Joseph Curl and Matthew Mosk at the Washington Times came up with a heck of a non-story story today for the reportedly troubled newspaper, titled, "Top Republican lawmakers not invited to State Dinner." Take a look:
The print article ran on the Times' front page with the headline, "Obama's big tent leaves out GOP bigwigs; Dinner to honor India's leader." Slightly different, but it gets the same point across. From the headlines, one would think that Curl and Mosk had exposed President Obama as a biting partisan, who ran Republicans' invitations to the White House's first state dinner through the shredder while they eagerly awaited them at home. But one would have to read on.
As it turns out, Obama did invite "top Republican lawmakers." They just aren't attending. Let's run through the list of Republicans the Times names in its story, despite its headline:
House Minority Leader John Boehner: He certainly counts as a "top Republican lawmaker." Curl and Mosk write that "Boehner won't be there; he's on Thanksgiving break and home in Ohio." Left out of their story? That Boehner was reportedly invited.
Senate Minority Leader Mitch McConnell: Also a "top Republican" who "received an invitation" but "decided to skip the dinner."
Louisiana Gov. Bobby Jindal: He was invited, according to the Times, because he is a "prominent Indian-American." You could make a pretty solid argument that Jindal rose quickly in the GOP's ranks after they chose him to give a rebuttal to Obama's first address to Congress. At the time, the Times even decided that Jindal sounded pretty presidential.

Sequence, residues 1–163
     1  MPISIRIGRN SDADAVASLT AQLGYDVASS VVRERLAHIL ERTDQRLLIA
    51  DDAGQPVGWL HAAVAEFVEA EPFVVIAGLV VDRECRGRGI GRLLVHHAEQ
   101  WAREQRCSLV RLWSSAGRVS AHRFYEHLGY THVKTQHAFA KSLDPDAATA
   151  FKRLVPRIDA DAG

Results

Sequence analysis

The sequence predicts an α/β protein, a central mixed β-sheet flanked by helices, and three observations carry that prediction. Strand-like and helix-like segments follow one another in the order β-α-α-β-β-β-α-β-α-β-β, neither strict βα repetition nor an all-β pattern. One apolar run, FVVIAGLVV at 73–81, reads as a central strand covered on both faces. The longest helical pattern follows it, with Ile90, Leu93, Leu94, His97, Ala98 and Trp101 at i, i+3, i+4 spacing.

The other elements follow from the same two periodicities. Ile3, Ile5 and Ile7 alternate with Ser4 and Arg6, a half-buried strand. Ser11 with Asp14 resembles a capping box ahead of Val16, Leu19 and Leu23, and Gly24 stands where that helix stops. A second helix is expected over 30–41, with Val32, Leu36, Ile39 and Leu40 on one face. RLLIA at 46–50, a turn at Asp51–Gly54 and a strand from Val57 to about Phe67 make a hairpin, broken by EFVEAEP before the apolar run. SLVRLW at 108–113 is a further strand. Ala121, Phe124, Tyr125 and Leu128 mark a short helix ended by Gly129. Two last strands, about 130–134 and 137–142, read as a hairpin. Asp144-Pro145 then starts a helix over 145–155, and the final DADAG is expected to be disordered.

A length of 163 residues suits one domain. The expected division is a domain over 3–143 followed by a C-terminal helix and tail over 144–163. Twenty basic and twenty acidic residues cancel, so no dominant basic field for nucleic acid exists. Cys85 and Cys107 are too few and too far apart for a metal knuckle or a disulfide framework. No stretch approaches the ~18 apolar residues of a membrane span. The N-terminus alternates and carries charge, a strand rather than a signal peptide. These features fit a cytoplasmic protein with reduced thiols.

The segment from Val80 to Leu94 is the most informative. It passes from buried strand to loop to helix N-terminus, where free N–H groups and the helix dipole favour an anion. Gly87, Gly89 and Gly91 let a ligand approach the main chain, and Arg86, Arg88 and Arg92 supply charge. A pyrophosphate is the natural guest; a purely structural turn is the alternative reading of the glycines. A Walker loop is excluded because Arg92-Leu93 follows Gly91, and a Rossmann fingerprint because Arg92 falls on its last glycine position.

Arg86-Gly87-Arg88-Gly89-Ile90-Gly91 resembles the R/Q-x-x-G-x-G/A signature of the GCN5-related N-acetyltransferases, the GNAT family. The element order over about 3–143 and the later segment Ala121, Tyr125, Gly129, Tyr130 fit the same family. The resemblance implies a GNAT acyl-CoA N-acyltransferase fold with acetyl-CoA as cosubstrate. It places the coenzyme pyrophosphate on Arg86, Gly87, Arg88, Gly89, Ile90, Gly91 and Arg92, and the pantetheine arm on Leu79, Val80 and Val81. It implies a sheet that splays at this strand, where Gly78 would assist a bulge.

Sen. John McCain: Not invited. The Times writes that this is despite the fact that "Obama the candidate pledged a post-partisan presidency."
House Minority Whip Eric Cantor: Not invited.
So let's recap: Mosk and Curl named five Republicans in their story who are "not on the A-list" for the White House's state dinner, two of which were apparently not invited. But they frame their story as "Top Republican lawmakers not invited to State Dinner." And of course, the clearest indication that this is a non-story is that Drudge has taken the bait by linking to the article with the outrageously false headline: "Not invited: Republican lawmakers..." Let's hope Times readers can wade through the muck and decide what's actually news today.
Blog posts by The New York Times and washingtonpost.com both reported on the Democratic National Committee's announcement that it would be filing a lawsuit to force the Federal Election Commission (FEC) to investigate Sen. John McCain's unilateral withdrawal from the federal public financing system for the primary election, but neither noted that FEC chairman David Mason has taken the position that McCain cannot opt out of public financing in the primary without FEC approval.